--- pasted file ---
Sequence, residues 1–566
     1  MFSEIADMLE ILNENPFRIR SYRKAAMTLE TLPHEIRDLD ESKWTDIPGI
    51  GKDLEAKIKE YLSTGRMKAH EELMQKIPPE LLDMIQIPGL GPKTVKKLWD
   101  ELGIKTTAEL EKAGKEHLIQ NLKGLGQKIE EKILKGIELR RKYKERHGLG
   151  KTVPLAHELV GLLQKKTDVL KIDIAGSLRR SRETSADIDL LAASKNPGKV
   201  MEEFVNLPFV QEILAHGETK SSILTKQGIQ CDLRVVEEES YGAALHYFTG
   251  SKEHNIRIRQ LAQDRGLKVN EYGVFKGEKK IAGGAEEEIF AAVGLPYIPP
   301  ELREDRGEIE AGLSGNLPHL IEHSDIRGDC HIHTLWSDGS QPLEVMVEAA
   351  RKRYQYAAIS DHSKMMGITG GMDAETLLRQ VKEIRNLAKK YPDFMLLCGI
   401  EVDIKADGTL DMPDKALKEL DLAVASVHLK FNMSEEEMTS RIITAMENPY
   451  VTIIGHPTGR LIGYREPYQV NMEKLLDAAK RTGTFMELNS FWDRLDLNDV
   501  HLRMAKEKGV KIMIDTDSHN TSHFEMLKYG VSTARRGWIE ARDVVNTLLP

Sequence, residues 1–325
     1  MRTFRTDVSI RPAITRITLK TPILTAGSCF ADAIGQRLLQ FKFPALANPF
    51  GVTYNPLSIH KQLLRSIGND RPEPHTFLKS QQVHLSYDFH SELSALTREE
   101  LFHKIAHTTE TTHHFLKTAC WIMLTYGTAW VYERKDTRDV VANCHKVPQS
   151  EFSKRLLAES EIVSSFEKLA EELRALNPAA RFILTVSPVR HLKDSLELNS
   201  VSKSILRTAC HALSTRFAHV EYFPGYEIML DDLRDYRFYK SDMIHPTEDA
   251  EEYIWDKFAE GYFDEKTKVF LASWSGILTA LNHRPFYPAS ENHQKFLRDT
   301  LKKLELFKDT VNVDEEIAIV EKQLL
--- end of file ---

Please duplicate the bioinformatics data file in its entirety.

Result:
Sequence, residues 1–566
     1  MFSEIADMLE ILNENPFRIR SYRKAAMTLE TLPHEIRDLD ESKWTDIPGI
    51  GKDLEAKIKE YLSTGRMKAH EELMQKIPPE LLDMIQIPGL GPKTVKKLWD
   101  ELGIKTTAEL EKAGKEHLIQ NLKGLGQKIE EKILKGIELR RKYKERHGLG
   151  KTVPLAHELV GLLQKKTDVL KIDIAGSLRR SRETSADIDL LAASKNPGKV
   201  MEEFVNLPFV QEILAHGETK SSILTKQGIQ CDLRVVEEES YGAALHYFTG
   251  SKEHNIRIRQ LAQDRGLKVN EYGVFKGEKK IAGGAEEEIF AAVGLPYIPP
   301  ELREDRGEIE AGLSGNLPHL IEHSDIRGDC HIHTLWSDGS QPLEVMVEAA
   351  RKRYQYAAIS DHSKMMGITG GMDAETLLRQ VKEIRNLAKK YPDFMLLCGI
   401  EVDIKADGTL DMPDKALKEL DLAVASVHLK FNMSEEEMTS RIITAMENPY
   451  VTIIGHPTGR LIGYREPYQV NMEKLLDAAK RTGTFMELNS FWDRLDLNDV
   501  HLRMAKEKGV KIMIDTDSHN TSHFEMLKYG VSTARRGWIE ARDVVNTLLP

Sequence, residues 1–325
     1  MRTFRTDVSI RPAITRITLK TPILTAGSCF ADAIGQRLLQ FKFPALANPF
    51  GVTYNPLSIH KQLLRSIGND RPEPHTFLKS QQVHLSYDFH SELSALTREE
   101  LFHKIAHTTE TTHHFLKTAC WIMLTYGTAW VYERKDTRDV VANCHKVPQS
   151  EFSKRLLAES EIVSSFEKLA EELRALNPAA RFILTVSPVR HLKDSLELNS
   201  VSKSILRTAC HALSTRFAHV EYFPGYEIML DDLRDYRFYK SDMIHPTEDA
   251  EEYIWDKFAE GYFDEKTKVF LASWSGILTA LNHRPFYPAS ENHQKFLRDT
   301  LKKLELFKDT VNVDEEIAIV EKQLL